Guy Grogan: The One-Man Band Worth The Listen

It’s obvious they don’t make things like they used to. In the case of Guy Grogan’s music, that sentiment is certainly a good thing.

With 10 albums since 2010, the one-man band runs more track than Usain Bolt. He’s catchy. He’s dynamic. And with his latest, Glitter In The Gears, he’s an indie fun bag with endless possibilities.

I must say the term “one-man band” immediately raised a skeptical pink flag. Typical ‘one-man bands’ attempting to record each track single-handedly seemingly end up sounding more like scene from M*A*S*H than a respectable record. However, Grogan’s style, pacing and perfectionism with this album proved me wrong.

Glitter In The Gears starts with a catchy melody in “Anatomy of a Crush.” The fun, up-tempo song quickly gets stuck in your head with the memorable lead-guitar riff. The guitar solo during the bridge isn’t bad either; it’s actually pretty amazing for a musician that appears to be a ‘Jack of all trades and a master of none.’ His voice, although drawn, is appealing in this song, sounding that of a Tom Petty 2K. It’s a track that brings up images of a lively garage jam on a cool, summer afternoon.

Other tracks such as “Myself Away” and “Between Sundays,” have the same effect. Both have a retro feel – the first with a crunchy riff and the latter with an admirable and vigorous arrangement that would fit perfect with an old Super 8.

There’s also the lighter, and in my opinion, more captivating side to the album with “Stick the Landing” and “House For the Leaving.” Both have amazing acoustics. The finger-picking on “House For The Leaving” immediately hypnotizes you. But while both showcase some fantastic acoustic chops, the vocals certainly don’t soothe the ears. And there are no memorable lyrics or catchy hooks which grab you long-term.

Glitter In The Gears’ strengths lie towards the back side of the album. While “Where All The Hearts Go” sounds like a 90s pop rock ballad and “Before We’re Gone” has it’s fair share of great hooks, there are two songs in particular that would resonate well with almost anyone.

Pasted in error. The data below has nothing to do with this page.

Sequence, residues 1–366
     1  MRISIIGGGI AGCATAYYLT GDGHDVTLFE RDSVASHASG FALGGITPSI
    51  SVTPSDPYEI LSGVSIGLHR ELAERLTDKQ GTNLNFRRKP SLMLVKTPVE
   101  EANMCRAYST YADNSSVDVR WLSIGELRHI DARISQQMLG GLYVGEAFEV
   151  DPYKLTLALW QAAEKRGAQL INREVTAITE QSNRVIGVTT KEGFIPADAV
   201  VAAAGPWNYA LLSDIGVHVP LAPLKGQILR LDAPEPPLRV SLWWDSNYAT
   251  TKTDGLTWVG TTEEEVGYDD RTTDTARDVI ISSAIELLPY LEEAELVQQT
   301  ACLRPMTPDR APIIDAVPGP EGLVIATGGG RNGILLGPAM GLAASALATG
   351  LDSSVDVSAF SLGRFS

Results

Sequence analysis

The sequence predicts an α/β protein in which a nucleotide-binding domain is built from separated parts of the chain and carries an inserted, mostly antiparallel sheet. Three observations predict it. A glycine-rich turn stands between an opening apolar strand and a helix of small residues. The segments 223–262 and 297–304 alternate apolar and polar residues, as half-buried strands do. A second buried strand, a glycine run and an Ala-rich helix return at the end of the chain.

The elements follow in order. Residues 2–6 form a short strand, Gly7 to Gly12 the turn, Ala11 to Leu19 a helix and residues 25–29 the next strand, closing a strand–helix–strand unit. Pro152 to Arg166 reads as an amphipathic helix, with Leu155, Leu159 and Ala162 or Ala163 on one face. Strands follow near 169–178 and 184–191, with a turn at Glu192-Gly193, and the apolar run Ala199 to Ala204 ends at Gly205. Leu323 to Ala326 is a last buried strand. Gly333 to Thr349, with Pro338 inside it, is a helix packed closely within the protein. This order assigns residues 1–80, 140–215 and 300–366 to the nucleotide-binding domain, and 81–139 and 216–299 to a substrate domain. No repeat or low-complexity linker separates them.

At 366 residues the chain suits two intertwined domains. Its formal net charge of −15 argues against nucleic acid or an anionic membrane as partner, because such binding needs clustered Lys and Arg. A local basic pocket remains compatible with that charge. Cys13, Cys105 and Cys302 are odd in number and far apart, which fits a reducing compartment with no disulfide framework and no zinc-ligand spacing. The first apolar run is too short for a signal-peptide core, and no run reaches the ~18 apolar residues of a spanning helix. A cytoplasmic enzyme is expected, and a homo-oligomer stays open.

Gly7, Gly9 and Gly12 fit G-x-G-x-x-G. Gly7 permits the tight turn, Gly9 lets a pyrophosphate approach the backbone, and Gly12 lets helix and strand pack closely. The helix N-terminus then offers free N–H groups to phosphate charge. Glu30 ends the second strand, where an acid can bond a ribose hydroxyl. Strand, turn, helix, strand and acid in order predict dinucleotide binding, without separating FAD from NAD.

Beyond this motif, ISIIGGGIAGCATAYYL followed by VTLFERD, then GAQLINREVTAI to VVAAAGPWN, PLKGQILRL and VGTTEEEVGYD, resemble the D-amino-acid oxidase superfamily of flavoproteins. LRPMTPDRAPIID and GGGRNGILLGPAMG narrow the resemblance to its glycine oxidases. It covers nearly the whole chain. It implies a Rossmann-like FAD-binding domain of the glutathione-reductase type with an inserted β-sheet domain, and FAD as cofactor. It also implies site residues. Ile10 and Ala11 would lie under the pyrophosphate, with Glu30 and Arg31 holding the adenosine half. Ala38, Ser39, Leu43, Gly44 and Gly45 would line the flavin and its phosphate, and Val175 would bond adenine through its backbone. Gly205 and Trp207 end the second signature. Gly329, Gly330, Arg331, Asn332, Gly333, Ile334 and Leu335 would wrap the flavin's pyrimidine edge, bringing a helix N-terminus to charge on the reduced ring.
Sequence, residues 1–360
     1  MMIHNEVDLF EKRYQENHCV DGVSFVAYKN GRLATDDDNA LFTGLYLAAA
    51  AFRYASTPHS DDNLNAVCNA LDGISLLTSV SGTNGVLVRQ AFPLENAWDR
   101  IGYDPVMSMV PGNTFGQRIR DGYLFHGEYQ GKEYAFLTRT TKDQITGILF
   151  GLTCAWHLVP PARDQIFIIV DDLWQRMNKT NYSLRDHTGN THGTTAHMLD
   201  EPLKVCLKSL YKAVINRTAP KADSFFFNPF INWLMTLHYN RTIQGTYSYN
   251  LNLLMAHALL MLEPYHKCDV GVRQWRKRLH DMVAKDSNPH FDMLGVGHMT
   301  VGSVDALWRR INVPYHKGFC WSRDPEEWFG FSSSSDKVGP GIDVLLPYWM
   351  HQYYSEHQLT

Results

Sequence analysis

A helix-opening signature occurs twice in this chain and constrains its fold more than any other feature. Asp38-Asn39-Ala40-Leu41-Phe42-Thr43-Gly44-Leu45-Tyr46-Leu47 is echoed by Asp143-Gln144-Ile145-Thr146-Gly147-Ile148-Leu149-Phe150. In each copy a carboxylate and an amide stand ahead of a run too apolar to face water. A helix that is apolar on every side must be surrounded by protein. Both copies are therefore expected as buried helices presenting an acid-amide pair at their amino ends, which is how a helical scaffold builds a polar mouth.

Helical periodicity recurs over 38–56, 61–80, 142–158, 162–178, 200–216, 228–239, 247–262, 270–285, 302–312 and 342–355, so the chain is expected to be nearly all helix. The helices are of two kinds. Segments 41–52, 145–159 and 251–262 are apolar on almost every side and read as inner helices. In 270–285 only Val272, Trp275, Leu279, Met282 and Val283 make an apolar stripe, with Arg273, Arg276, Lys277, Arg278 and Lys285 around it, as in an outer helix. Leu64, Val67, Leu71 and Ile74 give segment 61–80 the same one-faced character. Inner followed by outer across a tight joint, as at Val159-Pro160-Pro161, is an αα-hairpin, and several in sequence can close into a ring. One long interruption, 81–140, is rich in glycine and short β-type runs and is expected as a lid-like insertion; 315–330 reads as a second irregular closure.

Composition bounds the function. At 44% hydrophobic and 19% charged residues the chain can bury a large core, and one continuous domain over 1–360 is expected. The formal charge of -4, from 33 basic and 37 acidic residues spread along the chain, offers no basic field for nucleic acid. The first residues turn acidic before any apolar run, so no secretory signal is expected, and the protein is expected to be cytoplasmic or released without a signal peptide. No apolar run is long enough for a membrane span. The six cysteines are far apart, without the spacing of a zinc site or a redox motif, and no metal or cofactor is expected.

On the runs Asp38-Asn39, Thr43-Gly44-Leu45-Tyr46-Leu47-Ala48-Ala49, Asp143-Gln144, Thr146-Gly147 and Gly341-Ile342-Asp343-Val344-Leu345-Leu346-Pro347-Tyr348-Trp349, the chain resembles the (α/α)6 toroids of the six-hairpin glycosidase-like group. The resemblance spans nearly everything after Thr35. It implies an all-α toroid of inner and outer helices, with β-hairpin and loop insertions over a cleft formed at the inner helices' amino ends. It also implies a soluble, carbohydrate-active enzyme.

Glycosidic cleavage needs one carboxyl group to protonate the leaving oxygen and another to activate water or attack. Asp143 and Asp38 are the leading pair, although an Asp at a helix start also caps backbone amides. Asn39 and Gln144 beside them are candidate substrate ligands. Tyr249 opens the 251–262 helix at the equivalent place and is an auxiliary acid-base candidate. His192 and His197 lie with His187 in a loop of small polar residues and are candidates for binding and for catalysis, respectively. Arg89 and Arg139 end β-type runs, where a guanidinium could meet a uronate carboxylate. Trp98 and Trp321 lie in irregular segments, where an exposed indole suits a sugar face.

“In time I realized,” was the first hook that truly grabbed me. The line from “Just Don’t Know,” along with the line, “I wanna feel kinda bright” from “Head Start To Light,” were the lyrical chops I was waiting for from an award-winning songwriter such as Grogan.

Not that each song has to have a ‘hook,’ but much of Glitter In The Gears isn’t as memorable as I had hoped. The aforementioned tracks bring me back to those initial expectations. Especially when adding yet another cool, slick bridge – another songwriting strength of Grogan – in “Just Don’t Know.” The coming of age story reminds me of falling in love with the sorority girl in college, only to realize you’re much happier with the girl that can down a 40-oz. keg stand at the dive bar.

One can’t diminish the accomplishments of Grogan and his musical ability. Especially when adding a sweet, jazz vibe like “Aelegy,” Glitter In The Gears is a tremendously dynamic album that proves one man really can make a band, and make it sound like any genre imaginable.

Now I just wonder how he performs live?

Josh Helmuth is an editor for Crave and a longtime music lover whose first record was Eric Clapton. However, his first concert? That choice he will take to the grave. 

Listen to Glitter In The Gears by Guy Grogan here.


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